Ramsey Russell: Just because the adventure getting in, it’s probably better done in daylight.

Paul Conchatre: It’s a lot of work. You’re pouring in sweat. Because you’re pulling boats over and motors and whatnot overland and going down channels and then busting through cattail floating walls and then going through flooded slough grass areas and pulling over, it’s mayhem to get in.

Ramsey Russell: It’s an adventure.

Paul Conchatre: But no one goes in there.

Ramsey Russell: Yeah.

Paul Conchatre: So that’s like –

Ramsey Russell: It looks like virgin area, virgin Manitoba. Perfect diver habitat.

Paul Conchatre: Good luck going in. Like, it’s tough. And even if you had the equipment, you need to be a little bit off kilter to go for it, because it’s a lot.

Ramsey Russell: But most of your hunters wants the ducks and the geese that are so prized here in Manitoba and this year, best year ever you say, you had a lot of habitat because of the moisture. But you’ve also stepped up your game. Walk me through, let’s start with decoys. Come on now, I mean, a decoy is a decoy. I’m a guy who go out and hunt over black pop bottles but seriously, you all stepped up your decoy game big time.

Paul Conchatre: Yeah. I was the same, I learned a lot this year, we all learned a lot, a decoy is not a decoy and there’s a lot of fads out there that are trying to paint the same pig, different colors, but it’s still a pig, but these things that we’re using are unbelievable.

Ramsey Russell: What are you using?

Paul Conchatre: Using Dave Smith.

Ramsey Russell: Wow. They’re not cheap.

Paul Conchatre: They’re not cheap, but –

Ramsey Russell: Hand painted.

Paul Conchatre: They’re a 100% percent worth it, a 100%, you don’t have to run giant spreads, you don’t have to put out all the effort and the time to run massive spreads, you don’t need many.

Ramsey Russell: Walk me through this then. How many decoys were you putting out and how many are in your trailers and how many are your guides putting out now?

Paul Conchatre: Yeah. We’re probably running 10 to 12 dozen before and then once we switch to these Dave Smith’s, I think it’s 6 and a half dozen in the trailers and that’s with the giants, the honkers, which is one step down and these little lesser that are –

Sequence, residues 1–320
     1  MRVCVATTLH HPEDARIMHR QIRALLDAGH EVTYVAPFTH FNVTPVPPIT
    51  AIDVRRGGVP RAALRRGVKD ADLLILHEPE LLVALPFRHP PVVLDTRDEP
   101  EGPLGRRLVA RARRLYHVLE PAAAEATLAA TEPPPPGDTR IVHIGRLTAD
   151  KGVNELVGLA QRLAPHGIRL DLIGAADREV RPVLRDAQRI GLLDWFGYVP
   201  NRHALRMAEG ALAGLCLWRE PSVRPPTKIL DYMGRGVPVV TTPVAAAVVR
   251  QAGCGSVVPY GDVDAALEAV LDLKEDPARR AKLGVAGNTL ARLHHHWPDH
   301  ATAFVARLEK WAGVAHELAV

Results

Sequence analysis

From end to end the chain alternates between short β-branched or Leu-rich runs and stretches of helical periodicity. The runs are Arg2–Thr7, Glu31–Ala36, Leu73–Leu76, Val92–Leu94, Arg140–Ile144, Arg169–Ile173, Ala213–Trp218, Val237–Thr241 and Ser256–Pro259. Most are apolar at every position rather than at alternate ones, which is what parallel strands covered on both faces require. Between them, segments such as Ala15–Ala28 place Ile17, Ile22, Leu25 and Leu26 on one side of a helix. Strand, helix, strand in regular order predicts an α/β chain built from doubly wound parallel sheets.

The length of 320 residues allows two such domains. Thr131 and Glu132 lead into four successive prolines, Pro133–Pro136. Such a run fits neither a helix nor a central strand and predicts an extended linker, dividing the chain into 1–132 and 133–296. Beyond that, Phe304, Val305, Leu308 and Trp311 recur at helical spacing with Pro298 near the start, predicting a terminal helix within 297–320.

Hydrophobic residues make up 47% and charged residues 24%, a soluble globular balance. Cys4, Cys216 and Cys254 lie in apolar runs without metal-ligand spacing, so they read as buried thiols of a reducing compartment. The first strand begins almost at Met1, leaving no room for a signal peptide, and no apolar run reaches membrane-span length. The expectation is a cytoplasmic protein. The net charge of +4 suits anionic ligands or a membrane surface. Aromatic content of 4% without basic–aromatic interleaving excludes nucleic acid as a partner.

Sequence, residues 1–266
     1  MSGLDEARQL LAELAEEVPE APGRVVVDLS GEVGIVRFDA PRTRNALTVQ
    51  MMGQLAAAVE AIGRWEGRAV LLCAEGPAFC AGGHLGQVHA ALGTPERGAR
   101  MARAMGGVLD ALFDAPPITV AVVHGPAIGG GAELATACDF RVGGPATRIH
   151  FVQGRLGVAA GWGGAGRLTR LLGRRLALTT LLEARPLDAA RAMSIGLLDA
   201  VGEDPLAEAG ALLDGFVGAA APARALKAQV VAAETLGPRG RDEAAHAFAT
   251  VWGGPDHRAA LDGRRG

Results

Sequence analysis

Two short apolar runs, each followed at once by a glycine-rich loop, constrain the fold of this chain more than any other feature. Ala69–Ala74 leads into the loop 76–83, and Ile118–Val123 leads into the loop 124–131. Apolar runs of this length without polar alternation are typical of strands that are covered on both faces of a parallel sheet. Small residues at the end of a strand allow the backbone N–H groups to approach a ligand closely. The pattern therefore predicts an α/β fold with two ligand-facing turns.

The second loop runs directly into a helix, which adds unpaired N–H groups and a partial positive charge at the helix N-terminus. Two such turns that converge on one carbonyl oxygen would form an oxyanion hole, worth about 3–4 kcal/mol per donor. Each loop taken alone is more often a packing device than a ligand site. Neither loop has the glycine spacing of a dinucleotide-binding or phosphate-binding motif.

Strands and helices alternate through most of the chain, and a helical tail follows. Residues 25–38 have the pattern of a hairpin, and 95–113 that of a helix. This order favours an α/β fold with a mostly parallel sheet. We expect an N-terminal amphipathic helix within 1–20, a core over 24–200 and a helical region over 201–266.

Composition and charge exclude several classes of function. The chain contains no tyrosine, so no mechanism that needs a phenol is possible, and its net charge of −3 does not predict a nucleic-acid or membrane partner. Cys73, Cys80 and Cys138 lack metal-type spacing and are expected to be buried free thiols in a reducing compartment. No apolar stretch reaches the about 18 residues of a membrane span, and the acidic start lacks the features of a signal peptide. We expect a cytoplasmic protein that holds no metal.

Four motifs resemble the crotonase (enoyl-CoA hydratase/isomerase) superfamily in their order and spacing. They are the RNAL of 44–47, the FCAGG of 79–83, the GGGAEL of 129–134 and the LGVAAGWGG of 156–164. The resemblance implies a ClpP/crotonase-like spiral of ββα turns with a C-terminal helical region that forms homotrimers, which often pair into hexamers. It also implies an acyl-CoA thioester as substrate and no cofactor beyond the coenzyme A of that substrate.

Ramsey Russell: You run it 3 sizes and I know because they’re hand painted, they’re probably painting them differently. Are you seeing a difference?

Paul Conchatre: Yeah. It’s a 100% night and day. The guys are probably only putting out 2 and a half dozen on hunts.

Ramsey Russell: Tell us what you were telling me before the show about birds of a feather flocking together because you all got big, middles and littles about how they’re reacting to the way you all are placing, you all different Canada goose decoys out in the spread.

Paul Conchatre: Yeah. Well, each trailer only has 6 of these like, I think they’re called cacklers, they’re smallest goose that they have. They got little short necks, tiny little beaks, they’re kind of plumpy looking like they look gorgeous. And so it’s just a little 6 pack and so you can go and put out your honkers, which are mid-sized goose and the graders further out, but if you’re hunting these little lesser, you kind of put this little 6 pack exactly where you want them to finish and they just hone in on that specific size. So what we’ve learned this year is, having a high quality decoys, that’s the way you do it. Like, for us, that’s what we’re seeing, but once you start, when you’re scouting, you’re seeing, whatever the sub is in that field, you can target that sub on how you kind of configure your spread. So, yeah, you put whatever sub you want in the pocket they will go, they will –

Ramsey Russell: Well, my scout report is all big. I mean, I put the big in the pocket, if it’s middles, I’m setting up for the middles.

Paul Conchatre: Yeah. Or take your 6. For us, we only have 6 lessers, you can throw your 6 lessers, go put them a 100 yards out, 200 yards out, it doesn’t matter, they’re not going to finish to those lessers, they’re going to finish to their own sub. It’s ridiculous and it’s absolute game changer, the volume thing, not no more.

Ramsey Russell: You’re running fewer decoys than the trailer, but within that, your guides are not putting out the whole trailer, they’re putting out a little high end micro spreads.

Paul Conchatre: We are finishing birds way never finished. And the guys sit there with their phones just videoing and I’m like, in my guiding career, I never saw that. We’d finished birds, but we’d not finished birds, so consecutive.

Ramsey Russell: What are you using for? I mean, because you all are shooting for mallards and pintails, you’re shooting ducks in these spreads too, a lot of your setups are combo, are you even putting out duck decoys or will they finish to just the Canadas?

A Decoy Makes a Difference

So then we don’t put out any, we put maybe 4, 5 duck decoys out for duck hunt and then all our Dave Smith and then we kill ducks like crazy.